The Fall of Rome
At its height, the boundaries of the Roman Empire stretched from the north of England across the North Sea, along the Rhine and Danube Rivers to the Caspian Sea, south to Egypt, along the coast of Africa to Spain. The decline and eventual collapse of this vast empire took place over a period of years before reaching its bitter end in the middle of the 5th century. Its demise followed a pattern in which extended periods of weakness were followed by unsustainable bursts of strength that inevitably led to further decline. The forces that motivated its destruction came from the internal decay of its economic, political and social structure combined with relentless barbarian attacks from without.
Further west, the Vandals crossed the Rhine River - another traditional boundary of the Empire- in 406. They continued their assault southward to Spain, crossing the Pyrenees Mountains in 409. A year later, the Visigoths sacked Rome and continued on to Spain. In 429, the Vandals crossed the Strait of Gibraltar and reached the shores of Africa. They continued their assault eastward along the coast and re-crossed the Mediterranean to make a landing in Italy. In 455 they followed in the footsteps of the Visigoths and sacked Rome. The Western Roman Empire was dead. However, a vestige of Rome lived on. Its Eastern portion, with its capital at Constantinople, lasted for another 1000 years until the city was sacked by the Muslims in 1453. "Who could believe this?" St. Jerome was born around the year 340. He came to Rome and was baptized there around 360. He devoted the rest of his life to scholarly pursuits and the translation of the Bible into Latin. He died in 420. He wrote the following observations describing the devastation of the Empire around 406:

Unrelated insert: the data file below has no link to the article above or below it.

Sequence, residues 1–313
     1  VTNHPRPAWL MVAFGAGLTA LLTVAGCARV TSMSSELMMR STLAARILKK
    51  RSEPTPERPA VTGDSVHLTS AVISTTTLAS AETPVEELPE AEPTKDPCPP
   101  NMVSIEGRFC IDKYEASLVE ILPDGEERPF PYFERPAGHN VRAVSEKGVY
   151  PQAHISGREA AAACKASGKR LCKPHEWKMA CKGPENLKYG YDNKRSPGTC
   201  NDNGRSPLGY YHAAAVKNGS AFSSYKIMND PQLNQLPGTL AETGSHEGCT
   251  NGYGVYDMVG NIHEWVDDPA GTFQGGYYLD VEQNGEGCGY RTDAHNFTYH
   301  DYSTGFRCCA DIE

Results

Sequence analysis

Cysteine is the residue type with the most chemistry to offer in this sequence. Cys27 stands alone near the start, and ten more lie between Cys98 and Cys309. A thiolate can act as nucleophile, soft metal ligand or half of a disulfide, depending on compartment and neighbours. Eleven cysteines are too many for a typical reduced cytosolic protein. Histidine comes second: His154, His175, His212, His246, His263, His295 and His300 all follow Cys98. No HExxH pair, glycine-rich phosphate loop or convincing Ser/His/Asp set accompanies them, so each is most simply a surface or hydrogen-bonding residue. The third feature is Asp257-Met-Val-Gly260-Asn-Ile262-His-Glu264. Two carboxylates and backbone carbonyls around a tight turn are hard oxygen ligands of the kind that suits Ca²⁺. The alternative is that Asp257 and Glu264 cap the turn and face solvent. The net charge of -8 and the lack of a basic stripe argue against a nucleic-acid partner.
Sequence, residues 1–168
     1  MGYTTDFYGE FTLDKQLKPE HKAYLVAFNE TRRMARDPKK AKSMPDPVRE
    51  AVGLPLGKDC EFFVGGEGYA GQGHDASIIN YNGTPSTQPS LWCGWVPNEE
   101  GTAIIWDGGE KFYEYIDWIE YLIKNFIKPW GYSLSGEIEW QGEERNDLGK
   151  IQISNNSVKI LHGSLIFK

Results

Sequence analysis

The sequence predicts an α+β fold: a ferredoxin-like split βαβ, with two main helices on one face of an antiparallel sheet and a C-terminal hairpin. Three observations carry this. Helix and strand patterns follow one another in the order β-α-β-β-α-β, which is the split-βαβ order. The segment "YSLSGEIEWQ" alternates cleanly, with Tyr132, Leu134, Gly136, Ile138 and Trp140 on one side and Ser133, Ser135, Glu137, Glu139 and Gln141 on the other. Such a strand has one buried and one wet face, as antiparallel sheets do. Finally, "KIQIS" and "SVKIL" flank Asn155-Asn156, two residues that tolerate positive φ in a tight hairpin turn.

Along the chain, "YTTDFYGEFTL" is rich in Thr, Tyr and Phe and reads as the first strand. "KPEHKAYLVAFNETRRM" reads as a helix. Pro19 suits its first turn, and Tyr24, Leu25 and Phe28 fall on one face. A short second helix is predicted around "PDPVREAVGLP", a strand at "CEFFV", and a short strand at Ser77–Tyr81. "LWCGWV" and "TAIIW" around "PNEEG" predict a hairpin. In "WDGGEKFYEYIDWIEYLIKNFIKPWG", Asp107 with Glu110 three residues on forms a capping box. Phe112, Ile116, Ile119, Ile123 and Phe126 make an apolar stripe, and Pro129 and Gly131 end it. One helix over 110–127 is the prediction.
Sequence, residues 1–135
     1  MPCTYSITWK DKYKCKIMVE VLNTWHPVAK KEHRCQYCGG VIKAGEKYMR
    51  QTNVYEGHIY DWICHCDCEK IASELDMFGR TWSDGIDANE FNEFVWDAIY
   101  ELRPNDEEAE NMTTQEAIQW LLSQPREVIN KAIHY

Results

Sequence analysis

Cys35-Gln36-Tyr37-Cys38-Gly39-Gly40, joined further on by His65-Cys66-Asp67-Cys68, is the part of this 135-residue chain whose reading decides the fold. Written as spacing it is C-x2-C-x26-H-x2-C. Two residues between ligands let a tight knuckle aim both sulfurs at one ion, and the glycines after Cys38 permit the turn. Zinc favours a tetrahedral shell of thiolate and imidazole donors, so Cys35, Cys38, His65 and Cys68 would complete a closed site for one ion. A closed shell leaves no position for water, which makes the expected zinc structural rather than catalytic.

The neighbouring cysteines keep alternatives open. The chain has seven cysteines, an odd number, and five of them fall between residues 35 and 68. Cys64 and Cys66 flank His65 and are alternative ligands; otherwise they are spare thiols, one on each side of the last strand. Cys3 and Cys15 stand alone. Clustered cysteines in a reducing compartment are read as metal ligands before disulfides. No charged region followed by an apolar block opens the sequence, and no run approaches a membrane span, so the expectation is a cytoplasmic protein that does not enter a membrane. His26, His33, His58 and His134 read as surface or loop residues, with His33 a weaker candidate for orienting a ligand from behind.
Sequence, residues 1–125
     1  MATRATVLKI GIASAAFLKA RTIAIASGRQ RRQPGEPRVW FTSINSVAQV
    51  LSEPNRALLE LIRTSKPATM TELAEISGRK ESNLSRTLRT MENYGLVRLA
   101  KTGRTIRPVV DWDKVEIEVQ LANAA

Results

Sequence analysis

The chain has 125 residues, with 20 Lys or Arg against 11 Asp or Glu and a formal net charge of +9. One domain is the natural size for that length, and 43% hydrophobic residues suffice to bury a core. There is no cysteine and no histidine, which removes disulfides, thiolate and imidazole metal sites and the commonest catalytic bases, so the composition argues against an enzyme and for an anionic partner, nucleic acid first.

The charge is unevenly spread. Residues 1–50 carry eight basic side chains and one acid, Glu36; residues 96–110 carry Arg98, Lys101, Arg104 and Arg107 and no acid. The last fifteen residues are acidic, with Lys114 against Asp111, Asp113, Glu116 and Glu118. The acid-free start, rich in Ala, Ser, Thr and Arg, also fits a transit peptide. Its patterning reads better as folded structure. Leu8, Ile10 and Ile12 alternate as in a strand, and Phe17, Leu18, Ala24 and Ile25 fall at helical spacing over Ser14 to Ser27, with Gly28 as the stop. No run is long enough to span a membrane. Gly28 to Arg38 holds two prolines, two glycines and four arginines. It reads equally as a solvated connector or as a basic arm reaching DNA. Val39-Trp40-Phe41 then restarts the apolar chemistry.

Oh wretched Empire! Mayence [Mainz, Germany], formerly so noble a city, has been taken and ruined, and in the church many thousands of men have been massacred. Worms [Germany] has been destroyed after a long siege. Rheims, that powerful city, Amiens, Arras, Speyer [Germany], Strasburg, - all have seen their citizens led away captive into Germany. Aquitaine and the provinces of Lyons and Narbonne, all save a few towns, have been depopulated; and these the sword threatens without, while hunger ravages within. I cannot speak without tears of Toulouse, which the merits of the holy Bishop Exuperius have prevailed so far to save from destruction. Spain, even, is in daily terror lest it perish, remembering the invasion of the Cimbri; and whatsoever the other provinces have suffered once, they continue to suffer in their fear. I will keep silence concerning the rest, lest I seem to despair of the mercy of God. For a long time, from the Black Sea to the Julian Alps, those things which are ours have not been ours; and for thirty years, since the Danube boundary was broken, war has been waged in the very midst of the Roman Empire. Our tears are dried by old age. Except a few old men, all were born in captivity and siege, and do not desire the liberty they never knew. Who could believe this? How could the whole tale be worthily told? How Rome has fought within her own bosom not for glory, but for preservation - nay, how she has not even fought, but with gold and all her precious things has ransomed her life... Who could believe that Rome, built upon the conquest of the whole world, would fall to the ground? That the mother herself would become the tomb of her peoples? That all the regions of the East, of Africa and Egypt, once ruled by the queenly city, would be filled with troops of slaves and handmaidens? That to-day holy Bethlehem should shelter men and women of noble birth, who once abounded in wealth and are now beggars?" References:
This eyewitness account appears in Robinson, James Harvey, Readings in European History (1906); Duruy, Victor, History of Rome and of the Roman People, vol VIII (1883). How To Cite This Article:
"The Fall of Rome" EyeWitness to History, www.eyewitnesstohistory.com (2007).